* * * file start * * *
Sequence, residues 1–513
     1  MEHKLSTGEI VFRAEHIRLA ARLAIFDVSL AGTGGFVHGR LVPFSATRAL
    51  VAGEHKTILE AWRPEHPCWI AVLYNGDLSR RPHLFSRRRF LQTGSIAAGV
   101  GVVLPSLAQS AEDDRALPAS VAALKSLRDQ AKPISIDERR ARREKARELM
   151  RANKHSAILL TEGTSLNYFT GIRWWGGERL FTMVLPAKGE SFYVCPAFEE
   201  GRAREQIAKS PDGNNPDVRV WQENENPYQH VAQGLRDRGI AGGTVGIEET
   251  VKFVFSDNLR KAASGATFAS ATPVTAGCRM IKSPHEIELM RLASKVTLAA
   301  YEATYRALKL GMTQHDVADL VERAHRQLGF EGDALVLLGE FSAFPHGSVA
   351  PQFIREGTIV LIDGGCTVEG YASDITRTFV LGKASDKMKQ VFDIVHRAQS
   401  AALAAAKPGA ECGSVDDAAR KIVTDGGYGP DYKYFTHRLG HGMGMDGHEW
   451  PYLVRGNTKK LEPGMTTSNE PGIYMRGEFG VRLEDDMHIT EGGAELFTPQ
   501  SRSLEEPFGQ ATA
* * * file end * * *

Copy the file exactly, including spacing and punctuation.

Sequence, residues 1–513
     1  MEHKLSTGEI VFRAEHIRLA ARLAIFDVSL AGTGGFVHGR LVPFSATRAL
    51  VAGEHKTILE AWRPEHPCWI AVLYNGDLSR RPHLFSRRRF LQTGSIAAGV
   101  GVVLPSLAQS AEDDRALPAS VAALKSLRDQ AKPISIDERR ARREKARELM
   151  RANKHSAILL TEGTSLNYFT GIRWWGGERL FTMVLPAKGE SFYVCPAFEE
   201  GRAREQIAKS PDGNNPDVRV WQENENPYQH VAQGLRDRGI AGGTVGIEET
   251  VKFVFSDNLR KAASGATFAS ATPVTAGCRM IKSPHEIELM RLASKVTLAA
   301  YEATYRALKL GMTQHDVADL VERAHRQLGF EGDALVLLGE FSAFPHGSVA
   351  PQFIREGTIV LIDGGCTVEG YASDITRTFV LGKASDKMKQ VFDIVHRAQS
   401  AALAAAKPGA ECGSVDDAAR KIVTDGGYGP DYKYFTHRLG HGMGMDGHEW
   451  PYLVRGNTKK LEPGMTTSNE PGIYMRGEFG VRLEDDMHIT EGGAELFTPQ
   501  SRSLEEPFGQ ATA